Jets vs. Panthers Review: What We Learned
The New York Jets took on the Carolina Panthers on Sunday Night Football, and almost prevailed with a late comeback by backup quarterback Tim Tebow. Unfortunately, a magical 4th quarter win wouldn’t mean anything in the preseason, and even worse, it didn’t happen, as the Panthers won both team’s third meaningless game, 17-12.
From how Tebow fared to Cam Newton, check out the top things we all should have learned from this preseason contest:
1. The Jets Offense Stinks
There’s no easy or nice way to put it. Whether it’s Mark Sanchez or Tim Tebow under center, the Jets just can’t punch the ball in the end-zone. They do seem to move the ball decently at times, but their flow is never consistent, and they have yet to score a single touchdown in the preseason thus far. That may not change next week, as both Tebow and Sanchez are expected to sit the preseason finale out in preparation for week one against the Buffalo Bills.
2. Jonathan Stewart Carted Off
It turns out the x-rays on Stewart’s injury are negative and he should be fine, but anytime a star player is carted off the field, you get worried. Stewart looked solid, but fantasy owners may start questioning his durability with two injuries in two straight preseason games. With both DeAngelo Williams and Mike Tolbert in the backfield, the Panthers may protect their investment when future injuries happen. Stewart is still the Panthers’ running back to own, but this raises a red flag.
3. Stephen Hill Shows Potential
Hill is obviously still raw as heck, as he dropped an easy pass that led to a Mark Sanchez interception, but he also paced the Jets in receiving with five receptions for 68 yards, and looked good on several plays. He left the game with a hip injury on his final reception, but walked off his own power and appeared fine.
4. LaRon Landry Could be a Force
While the Jets’ offensive might be in trouble, their defense looks as stout as ever. They held the first-team Carolina offense in check for most of the first half, and delivered several big hits. Landry was in on a few of them, and displayed solid speed and awareness in the secondary. We already knew New York had an elite secondary, but safety was a problem area in 2011, and was very much in question heading into the preseason this year. Landry and fellow safety Yeremiah Bell have quietly done an admirable job in the back of the defense so far. If they can both stay healthy, they could be a huge part in the Jets’ defensive resurgence in 2012.
5. Tim Tebow, Duh
We know the offense was bad for the Jets, but we have to talk about Tebow specifically. Not sure why, but it just always feels right. Firstly, I personally never think his numbers are quite as bad as they appear. He never really ran a passing offense that catered to his strengths in Denver, and he’s still not doing it in New York with the Jets. He’s as good as ever as a runner and he keeps plays alive when the pocket breaks down, but he hasn’t made much progress as a pocket passer. Some of that definitely has to do with the system, as well as inferior receiving talent in the second half of a preseason game, but a lot of it is on Tebow, as well.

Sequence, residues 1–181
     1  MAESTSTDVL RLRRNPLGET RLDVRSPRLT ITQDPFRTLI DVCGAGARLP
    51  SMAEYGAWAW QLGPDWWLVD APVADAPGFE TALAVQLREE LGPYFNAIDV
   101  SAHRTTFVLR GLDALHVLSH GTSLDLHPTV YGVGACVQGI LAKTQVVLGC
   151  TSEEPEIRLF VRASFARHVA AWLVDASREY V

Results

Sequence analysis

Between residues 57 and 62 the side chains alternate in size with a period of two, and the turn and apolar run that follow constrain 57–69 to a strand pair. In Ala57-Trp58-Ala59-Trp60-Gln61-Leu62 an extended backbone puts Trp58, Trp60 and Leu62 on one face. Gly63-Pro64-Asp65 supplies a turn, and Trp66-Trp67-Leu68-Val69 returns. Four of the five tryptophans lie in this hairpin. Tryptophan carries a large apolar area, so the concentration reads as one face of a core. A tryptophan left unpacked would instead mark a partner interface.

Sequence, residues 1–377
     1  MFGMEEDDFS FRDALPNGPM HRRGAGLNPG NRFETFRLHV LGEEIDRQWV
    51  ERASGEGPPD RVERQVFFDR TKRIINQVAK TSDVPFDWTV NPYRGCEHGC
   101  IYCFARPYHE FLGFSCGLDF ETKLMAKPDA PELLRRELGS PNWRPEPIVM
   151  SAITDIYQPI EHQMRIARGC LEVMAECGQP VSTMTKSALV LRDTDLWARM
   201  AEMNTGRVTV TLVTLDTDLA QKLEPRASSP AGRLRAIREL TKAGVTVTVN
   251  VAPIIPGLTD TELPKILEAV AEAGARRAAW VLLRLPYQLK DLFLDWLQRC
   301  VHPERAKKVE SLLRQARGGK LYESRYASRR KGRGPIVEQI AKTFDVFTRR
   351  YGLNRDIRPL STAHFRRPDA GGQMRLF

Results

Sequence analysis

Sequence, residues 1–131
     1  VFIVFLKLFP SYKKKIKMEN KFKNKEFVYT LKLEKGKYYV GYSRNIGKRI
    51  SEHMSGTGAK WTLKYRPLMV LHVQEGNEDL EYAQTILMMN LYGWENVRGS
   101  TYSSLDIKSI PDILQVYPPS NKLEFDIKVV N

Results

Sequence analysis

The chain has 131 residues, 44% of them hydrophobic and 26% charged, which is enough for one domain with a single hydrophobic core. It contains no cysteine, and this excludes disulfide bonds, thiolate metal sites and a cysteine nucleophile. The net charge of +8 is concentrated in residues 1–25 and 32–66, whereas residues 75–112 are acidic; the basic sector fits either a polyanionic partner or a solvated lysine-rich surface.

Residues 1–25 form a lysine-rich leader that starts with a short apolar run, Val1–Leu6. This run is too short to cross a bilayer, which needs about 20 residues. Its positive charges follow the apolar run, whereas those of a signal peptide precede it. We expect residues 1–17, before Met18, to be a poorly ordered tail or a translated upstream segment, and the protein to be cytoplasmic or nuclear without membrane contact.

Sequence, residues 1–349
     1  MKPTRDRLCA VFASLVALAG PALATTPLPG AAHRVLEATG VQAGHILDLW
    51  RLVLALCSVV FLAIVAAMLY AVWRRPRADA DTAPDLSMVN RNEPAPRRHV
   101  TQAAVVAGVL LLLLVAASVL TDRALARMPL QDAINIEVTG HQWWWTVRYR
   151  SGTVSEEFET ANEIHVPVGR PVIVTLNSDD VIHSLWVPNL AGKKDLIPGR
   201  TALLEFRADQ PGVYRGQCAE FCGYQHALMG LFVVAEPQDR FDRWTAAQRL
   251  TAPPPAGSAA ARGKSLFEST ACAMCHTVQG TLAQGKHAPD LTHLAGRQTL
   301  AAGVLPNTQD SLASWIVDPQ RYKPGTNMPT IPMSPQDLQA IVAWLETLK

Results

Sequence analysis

Tebow’s throwing motion is still slow and awkward, but his biggest issues are simply holding onto the ball too long, and throwing across his body off his back foot when on the run. He has a pretty strong arm, but all of that strength is lessened when he’s not using his back foot for leverage. Throwing across the body isn’t just ugly at times, either; it’s also just a bad idea.
While Tebow is to blame for a lot of his poor play, he can’t make third string receivers magically run great routes, get open, and catch every pass. It’d be interesting to see what Tebow could do with the first team unit, but for now I have to say he hasn’t made enough progress to really warrant the “Tebow!” chants. If Mark Sanchez comes out throwing ducks and the offense continues to kick field goals for 2-3 weeks, then they have nothing to lose. But even as a Tebow supporter, right now it’s pretty clear that he’s still more of a gimmick than an NFL quarterback.
With that said, we haven’t seen a lick of the “Tebow package”, and I’m very excited to see how the Jets use Tebow’s strengths. I have no doubt that he can effectively run a read-option or Wildcat package to perfection, and with better passing ability than, say, Ronnie Brown, it could prove to be a very tough offense to defense. How the Jets mix in that part of the offense in with their base stuff remains to be seen, however. It also remains to be seen if Mark Sanchez’s head will explode if Tebow taps him on the shoulder each time the Jets get into the red-zone, as well.